The Cold War in Europe and Asia – A comparison

The aftermath of the Second World War saw the formation of a bi-polar world, with the United States and the Soviet Union dominating their respective hemispheres.  Both the powers were equipped with nuclear arsenal and any direct confrontation could have led to the destruction of the species.  In this atmosphere where the stakes are very high, most of the strategic advantage is won through diplomacy and applying political pressure.  This variety of wielding power has come to be known as the Cold War, where advantages were won or lost through tactful diplomacy as against the use of force.

The implications of the Cold War were not confined to the partners and allies of the two superpowers.  Given the scale of their economies, the superpowers sought to dominate other nations wherever they can, either through ideological coercion on military intervention.  Hence, Europe and Asia were also polarized to balance the two sides.  Many independent nation states were forced to choose sides between the capitalist democracy of the Western world and the communist soviets of the Eastern world.  So, although they were not the central players in the tussle for world domination, many countries in the European and Asian continents aligned themselves with one of the existing dominant powers.  The rest of the essay will explore the nature of these affiliations and the essential differences between the situation in Europe and Asia.

History will show that the European nations after Second World War were divided geographically as well as ideologically as belonging to the western democratic bloc or the eastern communist bloc.  Long-time partner and a trusted lieutenant of the United States, namely Great Britain, is the leading representative of this western coalition.  Other nations that aligned with the United States were Netherlands, France, Spain, Italy, Belgium, etc.  The countries of Eastern Europe were imposed with communist governments and hence came under the influence of the Soviet Union.  Some of them were Poland, Czechoslovakia, Belarus, etc.  Germany was deemed a key prize in the spoils of the Second Great War and so its reigns were bitterly contested.  In the end both superpowers had to strike a compromise and divide Germany into their respective halves.  This event was a key flashpoint in the years immediately following the end of the War.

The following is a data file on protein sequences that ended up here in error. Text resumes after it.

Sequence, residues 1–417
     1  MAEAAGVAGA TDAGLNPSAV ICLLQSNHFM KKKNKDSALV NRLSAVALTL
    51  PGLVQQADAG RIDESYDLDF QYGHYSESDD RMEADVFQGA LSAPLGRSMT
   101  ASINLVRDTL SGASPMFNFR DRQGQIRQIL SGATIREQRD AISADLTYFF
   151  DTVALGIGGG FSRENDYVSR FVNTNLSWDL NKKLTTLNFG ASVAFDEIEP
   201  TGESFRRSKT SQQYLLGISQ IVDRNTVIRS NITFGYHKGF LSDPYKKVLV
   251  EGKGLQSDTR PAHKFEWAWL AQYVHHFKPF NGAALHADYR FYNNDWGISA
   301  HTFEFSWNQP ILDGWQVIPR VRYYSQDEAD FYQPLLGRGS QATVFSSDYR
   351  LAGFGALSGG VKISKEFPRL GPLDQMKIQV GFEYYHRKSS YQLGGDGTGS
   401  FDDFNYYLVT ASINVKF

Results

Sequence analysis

In the western hemisphere, the peak cold war confrontation manifested in the form of the Cuban Missile crisis.  It was the year 1961, under the leadership of President John F. Kennedy; the world came perilously close to a deadly confrontation between the two major powers.  The Soviet Union was under the leadership of Nikita Khrushchev.  Lying only 145 km from the coast of the USA, Cuba had always been of concern to the United States (America still maintains a naval base there to the present day at Guantanamo). The relations between the two nations took a U-turn with the onset of the communist revolution in 1959.  Fidel Castro’s consequent rise to power made Cuba a real and present danger. The pressing concern for the United States was the potential symbolic threat that a communist neighbor would prove to be.  The fiasco that was the Bay of Pigs invasion, intended to dispel and if possible eliminate Castro, was an affair of big embarrassment for the Kennedy Administration.  This further strained the diplomatic relations between the two countries.

At this juncture Castro was left with little option but to strengthen relations with the Soviet Union.  It benefited the Soviet Union to respond to Cuba’s call for protection, as setting up a base so near the American coast was of strategic importance. The events of these fortuitous days for mankind unraveled in the backdrop of the cold war. The 50’s were a period of economic and technological advancement for both superpowers. Paralleling this prosperity was the escalating ideological conflict between democracy and communism. The tense couple of weeks that would later be called the Cuban Missile Crisis was the closest this planet came to complete annihilation. Soviet missiles with capabilities to wipe out all major cities in eastern United States were positioned just 90 miles off the coast of Florida. A last minute command from Khrushchev to soviet ships heading to Cuba saved the planet from a potential Armageddon.

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